Another encouraging sign cited by Taheri is the increased flow of religious pilgrims to Shiite shrines. When Saddam began massacring Shiites after a 1991 revolt against him, religious pilgrimages all but ceased. In 2005, the holy sites received an estimated 12 million pilgrims, making them the most visited places in the entire Muslim world, ahead of both Mecca and Medina.
Other positive trends seen by Taheri include the increase in value of the Iraqi dinar, especially compared to the region's other currencies; a revival in Iraqi agricultural activity, which had experienced unprecedented decline under Saddam; and the return of "freedom of expression" to Iraq, especially in the media.
Taheri also has a strong rebuttal to those who claim the United States is trying to "impose democracy" on Iraq. He writes of Iraq's history with democracy prior to the 1958 pro-Soviet military coup d'etat that established a leftist dictatorship. Iraq came into being through a popular referendum in 1921. It established a constitutional monarchy modeled on Great Britain, with a bicameral parliament, several political parties and periodic elections.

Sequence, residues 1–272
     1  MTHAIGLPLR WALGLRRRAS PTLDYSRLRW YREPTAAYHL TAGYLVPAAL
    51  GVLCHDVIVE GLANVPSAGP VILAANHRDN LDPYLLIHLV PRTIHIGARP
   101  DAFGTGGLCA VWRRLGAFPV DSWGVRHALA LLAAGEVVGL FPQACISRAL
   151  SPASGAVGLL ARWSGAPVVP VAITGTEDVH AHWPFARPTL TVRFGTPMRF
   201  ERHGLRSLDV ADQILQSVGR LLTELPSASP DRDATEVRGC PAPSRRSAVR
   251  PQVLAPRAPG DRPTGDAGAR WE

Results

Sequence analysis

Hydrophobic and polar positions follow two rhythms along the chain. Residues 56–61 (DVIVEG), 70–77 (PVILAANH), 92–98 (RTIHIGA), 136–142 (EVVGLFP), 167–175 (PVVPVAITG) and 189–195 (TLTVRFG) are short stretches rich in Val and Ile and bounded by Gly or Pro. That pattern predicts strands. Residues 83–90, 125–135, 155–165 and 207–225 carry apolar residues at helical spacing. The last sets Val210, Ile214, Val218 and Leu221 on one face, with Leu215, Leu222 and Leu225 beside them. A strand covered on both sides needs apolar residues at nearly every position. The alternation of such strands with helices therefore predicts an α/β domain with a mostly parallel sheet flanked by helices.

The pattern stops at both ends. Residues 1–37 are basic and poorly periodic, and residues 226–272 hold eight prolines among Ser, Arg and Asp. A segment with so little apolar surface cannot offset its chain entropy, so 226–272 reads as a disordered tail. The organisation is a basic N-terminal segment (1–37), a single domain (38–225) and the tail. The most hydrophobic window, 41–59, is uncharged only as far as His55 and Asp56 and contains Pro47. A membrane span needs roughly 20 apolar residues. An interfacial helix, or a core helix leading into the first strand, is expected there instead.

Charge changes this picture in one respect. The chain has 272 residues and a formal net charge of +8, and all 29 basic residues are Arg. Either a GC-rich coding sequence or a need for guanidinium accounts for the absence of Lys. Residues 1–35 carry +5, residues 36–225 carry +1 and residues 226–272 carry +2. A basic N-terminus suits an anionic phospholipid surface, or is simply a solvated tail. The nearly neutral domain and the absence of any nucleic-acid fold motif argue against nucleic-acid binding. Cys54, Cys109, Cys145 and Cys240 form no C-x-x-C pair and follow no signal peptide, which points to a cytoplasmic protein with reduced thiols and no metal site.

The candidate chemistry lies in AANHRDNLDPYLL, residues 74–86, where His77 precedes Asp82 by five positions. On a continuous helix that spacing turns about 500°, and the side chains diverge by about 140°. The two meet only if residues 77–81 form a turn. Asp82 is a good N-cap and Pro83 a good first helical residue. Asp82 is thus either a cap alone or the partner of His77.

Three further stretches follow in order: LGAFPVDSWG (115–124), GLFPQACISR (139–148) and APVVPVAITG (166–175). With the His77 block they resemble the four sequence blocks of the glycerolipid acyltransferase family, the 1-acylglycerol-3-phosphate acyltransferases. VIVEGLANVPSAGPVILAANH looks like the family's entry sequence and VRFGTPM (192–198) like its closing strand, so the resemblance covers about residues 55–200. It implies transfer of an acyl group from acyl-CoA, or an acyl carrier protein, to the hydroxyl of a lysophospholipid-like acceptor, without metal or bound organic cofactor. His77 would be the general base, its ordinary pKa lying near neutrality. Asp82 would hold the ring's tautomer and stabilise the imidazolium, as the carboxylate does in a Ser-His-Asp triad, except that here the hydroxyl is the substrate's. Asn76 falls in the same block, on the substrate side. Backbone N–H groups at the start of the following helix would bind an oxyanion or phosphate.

Taheri says, ".contrary to received opinion, Operation Iraqi Freedom was not an attempt to impose democracy by force. Rather, it was an effort to use force to remove impediments to democratization, primarily by deposing a tyrant who had utterly suppressed a well-established aspect of the country's identity."
The key to victory for Iraq and the United States is staying the course until the elected Iraqi leadership can defend itself and the country. The insurgents and terrorists are betting we won't. Much of the media and some politicians have already conceded defeat; giving sustenance to killers who believe that if they stay the course they will win. They will win if we don't. They won't win if we do.
The Taheri essay is a must-read for anyone not fixated on giving President Bush "his comeuppance."